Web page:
I have to say, if you take only policy ideas and past history into account, Rick Santorum is arguably the most conservative of the top three seeking the GOP nmination. Ignoring Ron Paul because he simply has no chance whatever of becoming the nominee, Rick Santorum has to be considered more appealing to the base than the Massachusetts moderate with the center left record or the former Speaker whose record is, frankly, erratic. So, with Newt’s trouncing in Florida, is it time for Rick Santorum to be the next and most acceptable not-Mitt candidate?

Some polls are showing Santorum to be leading in Missouri, one of the next primary states. And with no Newt even on the ballot there — he missed the filing deadline — that puts the race between Romney, Santorum and Ron Paul. And Jeffery Anderson finds PPP polling that says Santorum has very high favorables in Missouri, too.

Public Policy Polling, admittedly a Democrat leaning organization, also says that Santorum has fertile ground in ways that Gingrich and Romney don’t.

Santorum is a stronger long term threat to Romney than Gingrich because he has less baggage and is simply much better liked. Santorum is easily the most popular of the Republican candidates in both Missouri (+42 favorability at 63/21, compared to +20 for Gingrich and +10 for Romney) and Ohio (+35 at 59/24 compared to +10 for both Gingrich and Romney). It’s just proving hard for Santorum to get much traction while Gingrich is still in the race.

And Ed Morrissey reminds us that will all the really down-and-dirty campaigning between Newt and Mitt, Santorum stands out as the less vitriolic candidate. Further, it is important to note that Santorum has also eschewed (that means he’s refusing to do something for those of you in Rio Linda) attacking Romney over his Bain Capitol issues, refusing to attack Romney from the left on questions of his capitalist ventures.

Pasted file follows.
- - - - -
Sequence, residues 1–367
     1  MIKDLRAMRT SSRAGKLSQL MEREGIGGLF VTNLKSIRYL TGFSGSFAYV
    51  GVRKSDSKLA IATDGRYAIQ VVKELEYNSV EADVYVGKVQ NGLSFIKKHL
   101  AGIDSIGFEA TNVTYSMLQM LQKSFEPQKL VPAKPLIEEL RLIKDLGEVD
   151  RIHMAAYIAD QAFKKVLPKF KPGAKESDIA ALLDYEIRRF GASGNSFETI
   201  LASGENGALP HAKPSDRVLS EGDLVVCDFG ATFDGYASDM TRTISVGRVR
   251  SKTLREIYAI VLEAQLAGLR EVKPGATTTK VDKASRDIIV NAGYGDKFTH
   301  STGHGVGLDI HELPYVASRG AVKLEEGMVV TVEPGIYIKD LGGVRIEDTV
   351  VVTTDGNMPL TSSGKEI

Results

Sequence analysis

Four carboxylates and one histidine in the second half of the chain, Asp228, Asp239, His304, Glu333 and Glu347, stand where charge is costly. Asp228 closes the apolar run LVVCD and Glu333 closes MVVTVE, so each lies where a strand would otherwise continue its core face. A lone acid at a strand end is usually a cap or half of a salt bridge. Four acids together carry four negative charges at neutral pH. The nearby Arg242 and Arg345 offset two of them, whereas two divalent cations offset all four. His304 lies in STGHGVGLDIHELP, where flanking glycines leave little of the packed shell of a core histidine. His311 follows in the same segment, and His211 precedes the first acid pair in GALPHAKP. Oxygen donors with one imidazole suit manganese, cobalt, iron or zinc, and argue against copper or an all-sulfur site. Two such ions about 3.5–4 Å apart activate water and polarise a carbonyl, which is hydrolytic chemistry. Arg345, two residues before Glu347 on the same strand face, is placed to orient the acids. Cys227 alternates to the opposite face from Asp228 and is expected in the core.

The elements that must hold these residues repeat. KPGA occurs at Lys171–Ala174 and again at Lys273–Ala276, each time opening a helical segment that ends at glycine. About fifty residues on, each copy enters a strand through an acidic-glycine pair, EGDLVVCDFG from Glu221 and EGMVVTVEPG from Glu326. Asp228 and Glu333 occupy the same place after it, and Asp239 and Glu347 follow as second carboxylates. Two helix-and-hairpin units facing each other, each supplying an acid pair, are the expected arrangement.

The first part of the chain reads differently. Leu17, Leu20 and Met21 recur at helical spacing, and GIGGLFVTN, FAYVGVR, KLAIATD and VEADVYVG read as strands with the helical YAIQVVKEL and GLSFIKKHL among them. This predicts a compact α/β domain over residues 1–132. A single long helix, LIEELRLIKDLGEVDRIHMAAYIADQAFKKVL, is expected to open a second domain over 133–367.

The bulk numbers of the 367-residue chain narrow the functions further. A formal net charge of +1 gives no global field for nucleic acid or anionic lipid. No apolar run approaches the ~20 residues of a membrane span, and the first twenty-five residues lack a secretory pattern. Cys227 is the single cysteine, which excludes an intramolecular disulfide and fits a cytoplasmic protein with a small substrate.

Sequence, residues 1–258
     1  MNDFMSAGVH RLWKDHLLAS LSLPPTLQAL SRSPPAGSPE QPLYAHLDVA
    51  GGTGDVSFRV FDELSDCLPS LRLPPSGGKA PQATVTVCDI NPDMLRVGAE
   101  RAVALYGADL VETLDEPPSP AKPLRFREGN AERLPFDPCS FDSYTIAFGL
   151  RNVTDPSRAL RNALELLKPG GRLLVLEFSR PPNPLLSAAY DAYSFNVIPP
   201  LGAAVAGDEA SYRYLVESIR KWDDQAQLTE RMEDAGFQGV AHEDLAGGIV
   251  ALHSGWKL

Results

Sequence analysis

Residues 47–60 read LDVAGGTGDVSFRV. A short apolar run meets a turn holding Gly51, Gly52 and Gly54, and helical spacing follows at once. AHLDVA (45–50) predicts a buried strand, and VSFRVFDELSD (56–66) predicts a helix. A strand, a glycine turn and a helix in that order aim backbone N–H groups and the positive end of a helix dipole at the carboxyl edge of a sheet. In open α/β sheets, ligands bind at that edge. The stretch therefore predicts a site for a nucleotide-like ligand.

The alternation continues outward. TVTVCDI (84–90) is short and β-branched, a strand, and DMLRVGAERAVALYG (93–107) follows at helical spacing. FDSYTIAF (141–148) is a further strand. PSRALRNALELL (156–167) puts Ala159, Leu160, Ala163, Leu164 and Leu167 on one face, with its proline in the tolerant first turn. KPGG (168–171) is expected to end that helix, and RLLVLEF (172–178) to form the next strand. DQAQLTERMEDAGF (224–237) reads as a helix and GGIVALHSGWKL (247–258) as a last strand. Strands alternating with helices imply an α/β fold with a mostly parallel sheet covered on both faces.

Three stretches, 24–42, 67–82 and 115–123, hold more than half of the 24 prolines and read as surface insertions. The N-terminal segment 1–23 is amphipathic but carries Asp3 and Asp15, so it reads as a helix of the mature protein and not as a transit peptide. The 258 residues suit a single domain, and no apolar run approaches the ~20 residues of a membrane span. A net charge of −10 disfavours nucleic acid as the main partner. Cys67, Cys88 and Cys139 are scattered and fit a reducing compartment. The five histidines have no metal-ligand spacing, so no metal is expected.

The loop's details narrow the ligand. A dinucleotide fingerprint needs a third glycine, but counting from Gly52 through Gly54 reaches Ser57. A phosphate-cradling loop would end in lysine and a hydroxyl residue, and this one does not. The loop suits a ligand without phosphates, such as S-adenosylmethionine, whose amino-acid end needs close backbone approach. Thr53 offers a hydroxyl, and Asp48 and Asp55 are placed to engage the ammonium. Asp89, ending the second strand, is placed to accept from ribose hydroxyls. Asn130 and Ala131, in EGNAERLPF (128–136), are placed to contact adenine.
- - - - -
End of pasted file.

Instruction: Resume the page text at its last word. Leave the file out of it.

As Morrissey says:

The candidate actually making the conservative case on the campaign trail is Rick Santorum. Santorum scored points off of Romney in both Florida debates, especially the last one, because Santorum hasn’t ever backed an individual mandate as a health-care solution and doesn’t have to defend that position. He’s never backed TARP, either. That doesn’t make Santorum a perfect conservative candidate, but he seems to be the only one who’s focusing on the actual conservative agenda. Even if the motivation is to back a conservative alternative to Romney to “sharpen his steel” and force him to follow the conservative agenda, it’s Santorum who is most effective at making that the agenda.

So, with Newt seeming to have arrived at the stage he so often devolves to — that of torpedoing his own boat — will people in the upcoming primaries suddenly realize that all along the stalwart, the steady hand has been Rick Santorum?

Lastly, let us remember that Florida is no longer the deciding factor it once was. At this point few of the delegates have been awarded to any of the candidates and there is still a long road to hoe in these primaries. The delegate count is very low at this point and the contest is far from being decided for Mitt “Mr. inevitable” Romney.

Should we start the rallying cry for Rick, Rick, Rick? Is it time? Is it Rick Santorum’s turn at last?